Making chips is hard work. Researching the architecture of future chips and their production processes is even harder: it takes 18 times more researchers today than in the 1970s to double the transistor density of chips every two years (Moore’s Law). Nonetheless, our society and industry today depend substantially more on these innovative breakthroughs in semiconductor technologies than in the 1970s. We are increasingly in need of energy-efficient power semiconductors for electric vehicles, radio frequency chips for our mobile networks, and artificial intelligence (AI) accelerators to create pictures of astronaut cats, to name just a few. Therefore, the semiconductor industry has one of the highest research and development (R&D) expenditures of all industries—with companies spending an average of 18% of their sales on R&D—second only to the pharmaceutical and biotech industries. Research is at the heart of the semiconductor industry. Yet, policymakers, and their subsidy packages, as well as the media and public discourse, seem to be overly focused on where and by whom chips are built and much less on who develops them. This paper attempts to illuminate what we believe to be a blind spot.
In our semiconductor data briefs, through quantitative analysis, we put the spotlight on segments of the global semiconductor value chain that are typically not at the center of attention of most policy makers. Earlier this year, we analyzed global semiconductor startup funding and the geography of investment flows. In 2021, we examined the geography of global semiconductor research for the first time. This paper further deepens our analysis. The 2021 publication analyzed the data on a country level to understand (1) how research power shifted geographically over time and (2) which countries collaborated the most with each other.
In this paper, we expanded our dataset to explore three questions. First, how research power is distributed between academia and private companies—globally as well as per country—since 1995. Second, which academic institutions, research and technology organizations (RTOs), and private companies have coauthored the most conference papers since 1995 and whether we can observe changes over time. Third, whether EU universities and RTOs mainly collaborate with the European Union (EU) industry or with companies outside of the EU.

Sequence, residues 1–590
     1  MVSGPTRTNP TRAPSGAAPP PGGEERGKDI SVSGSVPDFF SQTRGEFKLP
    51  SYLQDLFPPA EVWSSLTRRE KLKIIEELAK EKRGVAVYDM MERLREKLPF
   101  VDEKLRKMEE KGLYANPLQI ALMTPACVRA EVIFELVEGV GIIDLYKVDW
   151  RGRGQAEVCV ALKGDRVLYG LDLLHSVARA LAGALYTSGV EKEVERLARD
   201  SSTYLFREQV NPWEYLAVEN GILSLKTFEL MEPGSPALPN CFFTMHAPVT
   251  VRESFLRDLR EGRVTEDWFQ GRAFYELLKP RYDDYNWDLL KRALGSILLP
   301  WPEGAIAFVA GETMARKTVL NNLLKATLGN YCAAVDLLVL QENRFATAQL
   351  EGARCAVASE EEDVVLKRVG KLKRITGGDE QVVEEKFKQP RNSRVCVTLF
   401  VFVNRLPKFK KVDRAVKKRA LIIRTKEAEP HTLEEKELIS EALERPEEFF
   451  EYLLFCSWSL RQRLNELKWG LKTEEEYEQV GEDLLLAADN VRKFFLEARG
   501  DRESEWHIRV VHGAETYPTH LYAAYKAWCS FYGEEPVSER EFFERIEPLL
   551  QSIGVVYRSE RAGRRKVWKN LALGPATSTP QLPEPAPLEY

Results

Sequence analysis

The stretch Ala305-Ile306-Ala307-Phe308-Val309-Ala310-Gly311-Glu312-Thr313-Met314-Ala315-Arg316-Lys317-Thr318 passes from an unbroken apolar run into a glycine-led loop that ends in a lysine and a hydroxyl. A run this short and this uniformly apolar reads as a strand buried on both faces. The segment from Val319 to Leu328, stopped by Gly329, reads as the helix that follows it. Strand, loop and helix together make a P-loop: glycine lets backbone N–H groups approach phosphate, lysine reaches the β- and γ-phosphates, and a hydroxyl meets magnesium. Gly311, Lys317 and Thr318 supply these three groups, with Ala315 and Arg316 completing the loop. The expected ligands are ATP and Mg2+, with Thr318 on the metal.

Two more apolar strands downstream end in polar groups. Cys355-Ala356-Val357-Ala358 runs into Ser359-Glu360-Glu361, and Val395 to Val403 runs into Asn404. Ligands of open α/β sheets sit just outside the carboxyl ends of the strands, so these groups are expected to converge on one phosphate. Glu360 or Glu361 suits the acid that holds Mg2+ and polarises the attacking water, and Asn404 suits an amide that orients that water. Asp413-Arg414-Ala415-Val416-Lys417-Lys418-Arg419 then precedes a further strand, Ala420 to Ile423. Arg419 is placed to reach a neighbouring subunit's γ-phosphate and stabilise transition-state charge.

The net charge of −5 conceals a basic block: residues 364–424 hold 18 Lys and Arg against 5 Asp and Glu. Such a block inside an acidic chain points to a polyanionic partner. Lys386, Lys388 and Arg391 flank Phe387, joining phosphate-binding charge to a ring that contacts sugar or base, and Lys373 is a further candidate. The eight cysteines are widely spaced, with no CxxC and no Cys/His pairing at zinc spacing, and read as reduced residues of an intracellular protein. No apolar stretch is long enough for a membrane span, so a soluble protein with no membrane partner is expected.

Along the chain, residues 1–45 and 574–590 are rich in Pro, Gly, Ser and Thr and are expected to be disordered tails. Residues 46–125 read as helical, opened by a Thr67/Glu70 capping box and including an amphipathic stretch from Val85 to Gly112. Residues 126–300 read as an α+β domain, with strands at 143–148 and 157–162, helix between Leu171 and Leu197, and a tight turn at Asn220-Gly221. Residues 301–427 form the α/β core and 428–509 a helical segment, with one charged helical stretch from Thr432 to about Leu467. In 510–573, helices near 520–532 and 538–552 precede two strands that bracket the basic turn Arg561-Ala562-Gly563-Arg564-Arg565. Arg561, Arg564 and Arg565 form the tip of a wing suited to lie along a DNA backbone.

The goal of this research is to inform various policy discussions in the EU and abroad, from innovation and research policy to industrial policy and state aid regulation. For policymakers to meaningfully strengthen academic research, the activities of RTOs, and the research power of private companies, different policy interventions will be necessary. Our analysis provides a quantitative foundation for these discussions.
The first section of this paper introduces the data and provides a first assessment of the distribution of research power between academia and industry in different countries. The second section presents interactive charts to explore how research power between academia and companies, as well as collaboration between the two, shifted over time in different countries. The third section describes the results of quantifying the research power of leading companies and academic institutions based on paper contributions. The last section is a deep dive into the research power of the EU’s RTO ecosystem.
As with all our data briefs, we collaborated with SNV’s Data Science Unit to analyze the data. We invite you to explore the data yourself through the three interactive charts in the two Chapters “Academic and Industrial Research Power“ and “Top 20 in Industry and Academia”. For questions regarding our methodology and the data science aspects of this analysis, please reach out to Laurenz Hemmen. As for questions regarding the topic of R&D in the chip industry and the semiconductor value chain in general, Jan-Peter Kleinhans and Julia Hess would be delighted to hear from you.